After Burn

After Burn

After Burn 960 643 David Wright

I missed this year the burning of the grasses, my friend masked by a red bandana,
torch in hand, surrounded by a choir of men chanting shovel and rake, a few women
playing extinguisher and hose. Most gods used lightning. Vandals and settlers count

on matches, count on campfires and neglect. Controlled burn means, mostly, luck.
Fire now, a surprise wind, not now, a March forecast for evening rain. If you believe
in the ventricled ball of roots below the prairies, you know it is impossible to eradicate

the past. A week, and grasses already insist on themselves. Scalded soil heals green.
Next blaze will be a summer of small and larger suns, then cones of purple, a bluestem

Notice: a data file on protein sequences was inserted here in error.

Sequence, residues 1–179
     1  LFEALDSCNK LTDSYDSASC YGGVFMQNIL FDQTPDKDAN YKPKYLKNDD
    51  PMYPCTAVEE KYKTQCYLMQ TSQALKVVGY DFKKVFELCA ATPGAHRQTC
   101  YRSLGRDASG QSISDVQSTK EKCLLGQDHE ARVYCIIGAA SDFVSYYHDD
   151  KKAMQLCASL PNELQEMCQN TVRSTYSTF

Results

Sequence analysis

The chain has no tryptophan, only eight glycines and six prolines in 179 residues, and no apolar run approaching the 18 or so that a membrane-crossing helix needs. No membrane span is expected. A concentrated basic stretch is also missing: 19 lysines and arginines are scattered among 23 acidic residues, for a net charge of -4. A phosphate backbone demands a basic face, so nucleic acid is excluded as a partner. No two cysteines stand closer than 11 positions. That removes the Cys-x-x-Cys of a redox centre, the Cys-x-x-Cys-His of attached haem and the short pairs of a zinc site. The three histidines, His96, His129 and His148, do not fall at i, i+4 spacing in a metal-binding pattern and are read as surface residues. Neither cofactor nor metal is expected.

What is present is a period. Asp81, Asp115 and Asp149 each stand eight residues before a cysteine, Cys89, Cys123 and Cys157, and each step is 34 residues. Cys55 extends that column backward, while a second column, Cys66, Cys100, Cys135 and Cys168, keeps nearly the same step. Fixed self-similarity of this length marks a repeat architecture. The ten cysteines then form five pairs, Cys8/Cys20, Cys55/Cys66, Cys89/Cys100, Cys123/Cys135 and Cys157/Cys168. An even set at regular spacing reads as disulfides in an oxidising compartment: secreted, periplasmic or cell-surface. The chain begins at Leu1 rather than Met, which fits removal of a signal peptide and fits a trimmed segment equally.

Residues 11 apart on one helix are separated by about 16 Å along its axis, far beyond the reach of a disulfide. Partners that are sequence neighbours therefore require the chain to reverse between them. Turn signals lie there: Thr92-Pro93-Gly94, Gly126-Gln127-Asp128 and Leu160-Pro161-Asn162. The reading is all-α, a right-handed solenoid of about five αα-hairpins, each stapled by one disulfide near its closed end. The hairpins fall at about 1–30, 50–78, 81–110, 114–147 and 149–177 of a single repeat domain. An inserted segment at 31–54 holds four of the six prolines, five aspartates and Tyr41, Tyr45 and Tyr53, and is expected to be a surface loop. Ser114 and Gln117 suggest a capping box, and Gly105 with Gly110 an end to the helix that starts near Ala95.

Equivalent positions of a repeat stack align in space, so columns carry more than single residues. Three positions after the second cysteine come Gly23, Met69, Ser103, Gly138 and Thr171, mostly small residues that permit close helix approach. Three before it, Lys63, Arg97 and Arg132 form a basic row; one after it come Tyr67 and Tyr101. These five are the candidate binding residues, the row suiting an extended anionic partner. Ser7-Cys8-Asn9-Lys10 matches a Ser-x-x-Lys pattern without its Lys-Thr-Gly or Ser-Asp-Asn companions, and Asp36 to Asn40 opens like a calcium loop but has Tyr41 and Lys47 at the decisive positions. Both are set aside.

rising undulant and obscene. Cattail and a fall weed with a dozen forgotten ochres.

In August, when I return, I won’t call it a sea but will wade through the blooded deep
prairie of flame. A dozen birds will be startled in the moment. I will be still frightened
by the deepest past. I’ll leave my matches and lightning at home. I’ll wait for new rain.

Header photograph © Icy Blu Daniel.

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